There really isn’t much to say about the horror of going back over that same section of trail (which was mostly downhill the first time so you can figure out which direction it was the second time) that I haven’t already said so I will leave it at the only real observation I actually made while I was there. Despite the pain, it seemed a lot shorter going up than it did going down. Once I finished that section there were a couple of very runnable miles to get to the Horton aid station (33.6). The Horton aid station was the first cut-off for the day but I was a little over half an hour ahead of the cut-off when I arrived — a significant step up from last year when I was half an hour late. But I really wondered to myself, while I was charging downhill to get there, “why am I hurrying?” If I had taken my time they would have made me stop and I could have gone back to camp to start drinking. I wouldn’t even have had to get up the next morning to run since I would have been a DNF anyway. But hurry I did and once there I filled up on soup and other goodies before setting out for the first section of the course that would be new to me.
The novelty wore off quickly once I started on what felt like 3 straight miles uphill. It wasn’t particularly steep and the trail was mercifully clear, but it was long. I had made it past the first cut-off but there was a second one at 46.2 miles and I was worried because I knew I wasn’t going to get any faster. So on my way up this hill I put my exhausted mind to the task of figuring out what sort of pace I needed to keep in order to make that second cut-off. In normal life my math skills are rarely tested by anything more extreme than figuring out the tip after a few drinks. I get lots of practice at that sort of thing though, so the old melon has figured out a simple system for that. Not so with figuring out pace. And after 2 days and more than 60 miles my brain was just not up to the task. So I figured. And I figured again. Then I figured some more and still got nowhere. Having gotten nowhere I started worrying. I was going to be damned if I would fail after having come this far. So I hurried. I had been told the previous year that the course got easier after our second trip through the Judy Springs aid station (40.5 miles) and I hoped that was true — I was pushing myself hard to get up the mountain and then back down, and if the course didn’t ease up on me it was going to break me. I arrived at Judy Springs for the second time in sort of a daze. My brain had pretty much given up on me and for some reason it had gotten the idea stuck in it that there was going to be more than 7 miles to go to the next aid station. But when Dennis said it was only 5.7 miles to the next aid station, the clouds parted, a heavenly light shone down upon me, and a choir of angels sang out. I was dumbfounded. This was possibly the best piece of news I had ever heard in my life. It may not sound like much to those of you who don’t do this sort of thing but to me it was like I was instantly transported a mile and a half down the course and given a drink of ambrosia. I was going to make it. Barring some serious injury I was home free. Sure I still had to drag my tired ass another 10 miles. And sure, I had to run a half marathon the next morning. But that was just details; the hard part was behind me. You could throw in the 12 labors of Hercules too if you wanted — I could handle anything you could throw at me.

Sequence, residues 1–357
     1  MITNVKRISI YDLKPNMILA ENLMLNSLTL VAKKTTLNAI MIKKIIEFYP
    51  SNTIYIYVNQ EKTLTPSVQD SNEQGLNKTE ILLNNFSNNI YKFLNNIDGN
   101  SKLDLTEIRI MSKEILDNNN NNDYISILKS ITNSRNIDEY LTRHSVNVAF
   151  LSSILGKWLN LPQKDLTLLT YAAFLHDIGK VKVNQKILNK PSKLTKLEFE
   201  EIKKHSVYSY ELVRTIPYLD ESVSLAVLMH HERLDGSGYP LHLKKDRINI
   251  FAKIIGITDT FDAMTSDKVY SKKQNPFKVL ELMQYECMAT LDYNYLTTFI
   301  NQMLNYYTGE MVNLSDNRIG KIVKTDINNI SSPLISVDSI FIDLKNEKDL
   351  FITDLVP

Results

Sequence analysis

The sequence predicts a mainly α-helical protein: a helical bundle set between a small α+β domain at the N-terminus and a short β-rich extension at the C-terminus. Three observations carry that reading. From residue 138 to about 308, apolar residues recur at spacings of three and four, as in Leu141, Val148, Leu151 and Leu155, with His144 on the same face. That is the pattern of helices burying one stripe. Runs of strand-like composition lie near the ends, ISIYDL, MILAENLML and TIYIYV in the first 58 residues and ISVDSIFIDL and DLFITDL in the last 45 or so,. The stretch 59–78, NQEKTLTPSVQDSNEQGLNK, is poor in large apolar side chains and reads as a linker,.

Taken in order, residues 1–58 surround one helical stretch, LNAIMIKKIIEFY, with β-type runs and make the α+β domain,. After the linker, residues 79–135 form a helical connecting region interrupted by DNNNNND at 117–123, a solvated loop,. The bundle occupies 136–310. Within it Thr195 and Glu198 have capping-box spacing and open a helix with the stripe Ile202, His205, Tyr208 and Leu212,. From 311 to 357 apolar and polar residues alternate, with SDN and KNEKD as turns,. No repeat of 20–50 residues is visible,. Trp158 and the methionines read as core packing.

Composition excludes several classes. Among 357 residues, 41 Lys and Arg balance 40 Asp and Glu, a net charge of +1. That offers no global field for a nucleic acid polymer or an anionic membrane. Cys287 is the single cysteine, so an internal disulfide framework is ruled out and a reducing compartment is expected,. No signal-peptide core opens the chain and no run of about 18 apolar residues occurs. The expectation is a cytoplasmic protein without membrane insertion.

I’d like to say that this feeling of invincibility carried me for the next few hours to the finish but that would be lying. In truth it got me about 100 feet down the trail before I fell back to earth. But it didn’t matter anymore because I could handle the lows now. I would even repeat the cycle of exultation at the next aid station when I found out it was only 3.8 miles to the end. Wow, I thought it was 6, cue the angels please. In my experience that’s really the hard part of running ultras. The euphoric highs are easy to deal with but I’ve never been so low in my life as I get at some points during these races. And climbing out of those lows is like climbing out of the deepest blackest pits of hell. It’s always hard to see that out even exists when you’re down like that but I’ve always made it out so far.